TechNation: PayPal Laying Off Scores of Israeli Employees

Israel R&D team at center of Facebook cryptocurrency plans ■ Payoneer weighing IPO or fundraiser, but not anytime soon ■ Portuguese utility makes strategic investment in cybersecurity startup Serpio

FILE PHOTO: The PayPal app logo seen on a mobile phone in this illustration photo October 16, 2017.
\ Thomas White/ REUTERS

Israel R&D team at center of Facebook cryptocurrency plans

Facebook’s Tel Aviv research and development center has become an important part of the company’s plans to launch its own cryptocurrency sometime in 2020. Facebook has been expanding the local team and is currently looking for a product manager and user experience researcher in Israel, according to its website. Facebook’s cryptocurrency plans have been largely shrouded in secrecy, but David Marcus, the former PayPal president now in charge of blockchain initiatives at Facebook, revealed last October that the Tel Aviv R&D center was at the center of the project. In December, Bloomberg News reported that the cryptocurrency was being designed to let users transfer money by means of its WhatsApp messaging app, starting in India. The Facebook coin will be a so-called “stablecoin” – a digital currency pegged to the U.S. dollar to minimize volatility, sources told Bloomberg. If Facebook does launch its cryptocurrency, it would be the first major technology company to do so. (Sagi Cohen)

Payoneer weighing IPO or fundraiser, but not anytime soon

Payoneer, the U.S.-Israeli provider of cross-border payment services, is exploring the options of an initial public offering or raising additional capital, but won’t be taking any major steps anytime soon, Chief Operating Officer Keren Levy said on Monday. Her email to employees came amid rumors that the company was planning an IPO or putting itself up for sale sometime this year. But without addressing speculation about a sale, Levy said, “What I can say for sure, is that we will consider carefully all our options and take steps that will help us to live up to our aspirations, keep growing the business, expanding our offering and bringing long-term value to our customers, partners and our global team. There’s really nothing to report at the moment.” Payoneer employs 1,200 people, 830 of them at its offices in Petah Tikva, Israel, and has annual revenues estimated at $400 million. Since it was founded in 2005, it has raised $270 million. (Ruti Levy)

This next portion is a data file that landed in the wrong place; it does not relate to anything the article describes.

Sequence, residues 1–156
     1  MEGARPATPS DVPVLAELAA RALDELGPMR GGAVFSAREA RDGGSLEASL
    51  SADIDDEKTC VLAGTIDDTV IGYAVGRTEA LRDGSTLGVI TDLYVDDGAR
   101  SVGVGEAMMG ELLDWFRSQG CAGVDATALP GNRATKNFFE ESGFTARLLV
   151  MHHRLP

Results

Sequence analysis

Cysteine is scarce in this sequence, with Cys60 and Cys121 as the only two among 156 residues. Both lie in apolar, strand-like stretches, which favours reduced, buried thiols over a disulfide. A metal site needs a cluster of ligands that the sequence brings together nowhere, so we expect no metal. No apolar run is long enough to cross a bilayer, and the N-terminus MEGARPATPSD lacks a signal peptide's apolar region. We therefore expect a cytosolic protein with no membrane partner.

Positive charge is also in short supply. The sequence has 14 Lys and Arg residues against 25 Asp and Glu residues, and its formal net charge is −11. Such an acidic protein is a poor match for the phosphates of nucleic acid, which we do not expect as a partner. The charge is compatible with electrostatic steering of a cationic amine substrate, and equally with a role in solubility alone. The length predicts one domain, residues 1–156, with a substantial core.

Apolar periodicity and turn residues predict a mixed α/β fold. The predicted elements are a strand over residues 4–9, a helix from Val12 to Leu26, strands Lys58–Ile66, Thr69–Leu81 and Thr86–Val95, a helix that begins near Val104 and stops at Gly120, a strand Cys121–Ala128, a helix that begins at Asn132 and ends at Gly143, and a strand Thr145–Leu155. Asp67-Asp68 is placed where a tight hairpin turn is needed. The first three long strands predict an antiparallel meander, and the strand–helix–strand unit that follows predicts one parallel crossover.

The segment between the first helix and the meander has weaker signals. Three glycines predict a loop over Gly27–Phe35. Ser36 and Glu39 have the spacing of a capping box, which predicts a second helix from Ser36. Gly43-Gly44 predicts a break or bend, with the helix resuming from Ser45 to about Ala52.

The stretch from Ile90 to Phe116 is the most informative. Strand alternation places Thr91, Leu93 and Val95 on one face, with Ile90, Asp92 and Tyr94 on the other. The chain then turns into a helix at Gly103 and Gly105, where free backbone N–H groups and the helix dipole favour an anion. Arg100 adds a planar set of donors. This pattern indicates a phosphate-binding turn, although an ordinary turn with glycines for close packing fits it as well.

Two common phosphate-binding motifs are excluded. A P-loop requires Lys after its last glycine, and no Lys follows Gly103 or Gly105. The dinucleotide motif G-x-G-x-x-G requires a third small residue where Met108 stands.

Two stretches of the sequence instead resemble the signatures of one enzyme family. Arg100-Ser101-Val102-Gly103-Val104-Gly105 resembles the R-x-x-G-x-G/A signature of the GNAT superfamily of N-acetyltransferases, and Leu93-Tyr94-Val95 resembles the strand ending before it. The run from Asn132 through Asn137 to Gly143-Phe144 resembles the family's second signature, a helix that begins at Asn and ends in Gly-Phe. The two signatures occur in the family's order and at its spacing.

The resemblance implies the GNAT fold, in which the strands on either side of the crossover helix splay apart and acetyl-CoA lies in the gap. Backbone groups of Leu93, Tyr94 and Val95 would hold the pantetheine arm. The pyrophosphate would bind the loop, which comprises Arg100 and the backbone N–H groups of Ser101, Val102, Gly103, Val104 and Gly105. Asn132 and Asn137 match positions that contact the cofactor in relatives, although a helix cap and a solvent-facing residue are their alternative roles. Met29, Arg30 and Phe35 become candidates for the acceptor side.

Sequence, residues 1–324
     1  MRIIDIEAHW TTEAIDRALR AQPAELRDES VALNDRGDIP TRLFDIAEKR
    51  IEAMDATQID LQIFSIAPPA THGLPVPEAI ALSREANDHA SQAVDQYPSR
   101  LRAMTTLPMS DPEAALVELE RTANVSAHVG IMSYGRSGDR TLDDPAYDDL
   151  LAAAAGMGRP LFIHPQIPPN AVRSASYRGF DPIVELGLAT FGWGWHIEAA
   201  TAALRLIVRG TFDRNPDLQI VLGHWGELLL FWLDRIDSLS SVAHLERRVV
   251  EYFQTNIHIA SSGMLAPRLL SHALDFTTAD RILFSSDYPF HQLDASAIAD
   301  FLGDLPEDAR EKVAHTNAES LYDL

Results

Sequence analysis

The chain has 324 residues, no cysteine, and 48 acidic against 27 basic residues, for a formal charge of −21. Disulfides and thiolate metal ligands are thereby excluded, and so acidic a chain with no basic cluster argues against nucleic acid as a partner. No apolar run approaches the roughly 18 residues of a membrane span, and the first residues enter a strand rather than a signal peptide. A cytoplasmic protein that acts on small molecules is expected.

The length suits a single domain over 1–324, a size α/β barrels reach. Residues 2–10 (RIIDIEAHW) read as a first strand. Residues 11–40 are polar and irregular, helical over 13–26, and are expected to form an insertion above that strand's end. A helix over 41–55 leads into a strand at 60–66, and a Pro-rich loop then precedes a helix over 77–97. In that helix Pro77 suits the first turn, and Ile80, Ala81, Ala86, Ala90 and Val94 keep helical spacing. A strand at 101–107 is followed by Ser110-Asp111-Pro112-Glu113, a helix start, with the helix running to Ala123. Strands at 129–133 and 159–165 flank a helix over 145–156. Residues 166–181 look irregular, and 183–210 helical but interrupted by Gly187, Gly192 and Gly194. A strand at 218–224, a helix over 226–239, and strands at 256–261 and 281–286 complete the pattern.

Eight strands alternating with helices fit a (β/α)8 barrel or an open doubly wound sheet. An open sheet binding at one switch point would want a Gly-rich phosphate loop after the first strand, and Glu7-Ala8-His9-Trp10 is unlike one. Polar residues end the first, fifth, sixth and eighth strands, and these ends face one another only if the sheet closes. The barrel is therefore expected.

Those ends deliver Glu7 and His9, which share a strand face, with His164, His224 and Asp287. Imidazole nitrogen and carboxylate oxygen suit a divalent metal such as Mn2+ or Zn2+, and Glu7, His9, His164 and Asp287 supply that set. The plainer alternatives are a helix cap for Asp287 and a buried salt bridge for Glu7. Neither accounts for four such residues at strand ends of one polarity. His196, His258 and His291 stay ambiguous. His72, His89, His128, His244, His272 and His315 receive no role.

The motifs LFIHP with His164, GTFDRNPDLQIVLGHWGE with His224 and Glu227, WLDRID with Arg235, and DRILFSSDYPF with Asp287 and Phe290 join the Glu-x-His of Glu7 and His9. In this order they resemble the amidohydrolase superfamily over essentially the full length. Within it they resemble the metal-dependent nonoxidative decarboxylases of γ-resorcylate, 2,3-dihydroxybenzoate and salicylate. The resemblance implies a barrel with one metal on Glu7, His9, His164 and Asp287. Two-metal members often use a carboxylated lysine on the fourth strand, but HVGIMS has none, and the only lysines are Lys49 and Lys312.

Portuguese utility makes strategic investment in cybersecurity startup Sepio Systems

Energias de Portugal, one of Europe’s major electricity operators, made a strategic investment in U.S.-Israeli cybersecurity company Sepio Systems, Sepio announced on Monday. Financial terms were not disclosed. EDP, one of the world’s largest wind-power operators, is expanding partnerships in cybersecurity to strengthen connectivity and resilience that are vital to infrastructure, and to advance new business opportunities. The firm’s Sepio Prime product is designed to mitigate hardware-based attacks, including rogue peripherals, invisible network devices and manipulated firmware. It has been deployed in over 20 banks, insurance and telecom companies in the United States, Singapore, Brazil and Israel, securing over 600,000 workstations and network ports. The partnership with EDP will help Sepio Systems accelerate development and deployment of its technology among utilities, financial institutions and large enterprises in Europe, Sepio said. Also participating in the investment was Mindset Ventures, an international venture capital firm, and existing investors Pico Venture Partners and Founders Group. 
(TheMarker Staff)

PayPal laying off scores of Israeli employees

Scores of Israeli employees of the global payments company PayPal are being laid off in a move the company said was linked to a worldwide reorganization and not to poor business. PayPal confirmed that an unnamed number of staff had been called in for a legally mandated hearing before a decision on laying them off is made, and said some of them may be offered other jobs in the company in Israel or abroad. The reorganization affects employees in Israel and two other countries. “PayPal has had a significant Israeli presence for more than a decade and the Tel Aviv research and development center will continue to play a major part in our operations,” it said. PayPal has conducted R&D in Israel since it acquired the Israeli startup Fraud Sciences in 2008 and later expanded operations to the Be’er Sheva cybersecurity tech park with the 2015 purchase of CyOptics. The latter was closed two years later. (Irad Atzmon Schmayer)